Upcoming Greater Phoenix Jewish Film Festival celebration to be virtual

Posted 1/4/21

For a quarter of a century, the Greater Phoenix Jewish Film Festival has celebrated Jewish culture including bringing a lineup of films honoring traditions and heritage.

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Upcoming Greater Phoenix Jewish Film Festival celebration to be virtual

Posted

For a quarter of a century, the Greater Phoenix Jewish Film Festival has celebrated Jewish culture including bringing a lineup of films honoring traditions and heritage.

The anniversary for the 25th Annual Greater Phoenix Jewish Film Festival will include three extra days of screenings from the comfort of one’s home, Feb. 14 — March 3.

Due to ongoing health and safety concerns, the film festival, which is normally held in three cities Valleywide, will be held entirely online, according to a press release.

GPJFF, which will screen films showcasing the best of Jewish life, history and heritage, is the longest-running film festival in the Valley, the release said of the event that will have more films to make the festival “bigger and better” with hours of Jewish cinema from dozens of different countries.

The annual crowd-pleasing event shows more than 30 feature-length and short films ranging from defiance and struggle to fun and adventure to laughter and love, with something for everyone. Engaging stories can be accessed from any device, computer or Smart TV, the release said, adding that the virtual festival will allow participants to easily build a flexible customized schedule to see every film on the schedule.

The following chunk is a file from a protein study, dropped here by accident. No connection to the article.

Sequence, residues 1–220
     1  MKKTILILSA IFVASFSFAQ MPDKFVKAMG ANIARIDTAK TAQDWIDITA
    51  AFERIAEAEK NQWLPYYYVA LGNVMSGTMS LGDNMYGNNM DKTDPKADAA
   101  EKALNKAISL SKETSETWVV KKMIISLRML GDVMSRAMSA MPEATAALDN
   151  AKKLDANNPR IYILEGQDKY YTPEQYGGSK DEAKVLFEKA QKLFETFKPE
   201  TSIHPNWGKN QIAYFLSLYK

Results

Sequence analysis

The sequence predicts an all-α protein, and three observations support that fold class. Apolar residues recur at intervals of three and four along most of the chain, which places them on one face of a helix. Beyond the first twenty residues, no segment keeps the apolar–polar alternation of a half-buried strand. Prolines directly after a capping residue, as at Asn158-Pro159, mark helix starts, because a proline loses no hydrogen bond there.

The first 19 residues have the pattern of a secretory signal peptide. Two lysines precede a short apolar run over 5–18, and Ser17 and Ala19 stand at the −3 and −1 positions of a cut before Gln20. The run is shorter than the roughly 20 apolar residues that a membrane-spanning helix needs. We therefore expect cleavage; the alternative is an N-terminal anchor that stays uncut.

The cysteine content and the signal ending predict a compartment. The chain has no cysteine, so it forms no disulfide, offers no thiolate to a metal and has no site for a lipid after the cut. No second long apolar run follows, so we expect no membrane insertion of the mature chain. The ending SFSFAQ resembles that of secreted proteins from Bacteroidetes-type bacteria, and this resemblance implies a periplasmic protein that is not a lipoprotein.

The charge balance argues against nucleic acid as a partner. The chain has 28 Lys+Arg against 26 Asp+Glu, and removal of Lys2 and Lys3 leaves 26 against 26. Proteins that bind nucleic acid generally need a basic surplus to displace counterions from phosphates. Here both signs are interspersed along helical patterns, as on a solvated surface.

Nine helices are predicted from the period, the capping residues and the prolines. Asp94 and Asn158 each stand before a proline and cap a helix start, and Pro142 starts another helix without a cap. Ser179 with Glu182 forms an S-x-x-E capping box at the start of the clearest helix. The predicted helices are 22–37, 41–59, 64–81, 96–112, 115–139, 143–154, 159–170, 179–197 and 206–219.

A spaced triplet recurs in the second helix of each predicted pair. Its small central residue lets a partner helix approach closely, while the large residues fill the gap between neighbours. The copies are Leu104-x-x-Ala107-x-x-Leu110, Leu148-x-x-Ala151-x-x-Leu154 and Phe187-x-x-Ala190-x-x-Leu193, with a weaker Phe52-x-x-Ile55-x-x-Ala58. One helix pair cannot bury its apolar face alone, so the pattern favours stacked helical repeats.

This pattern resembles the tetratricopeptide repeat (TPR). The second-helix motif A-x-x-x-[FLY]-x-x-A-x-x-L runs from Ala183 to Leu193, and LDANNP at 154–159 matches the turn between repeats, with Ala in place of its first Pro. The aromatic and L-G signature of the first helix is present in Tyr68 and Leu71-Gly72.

Post-film interviews with filmmakers and experts on the films’ subjects will be held seamlessly after many screenings, detailed the release.

As a show of gratitude towards the Valley community’s support of the Greater Phoenix Jewish Film Festival, a free screening of the documentary, Shared Legacies, will be shown at 7 p.m. on Saturday, Feb. 13 to coincide with Black History Month.

The documentary explores crucial historical lessons of African-American and Jewish cooperation while fighting blatant bias and racism, described the release.

Viewers will have 72 hours from the posted time to begin to watch, and 48 hours from when they start the film to complete viewing, with the ability to pause, rewind and even switch devices within the house, over the 48 hours, the release added.

For more information on the festival or to purchase tickets after Jan. 15: gpjff.org.

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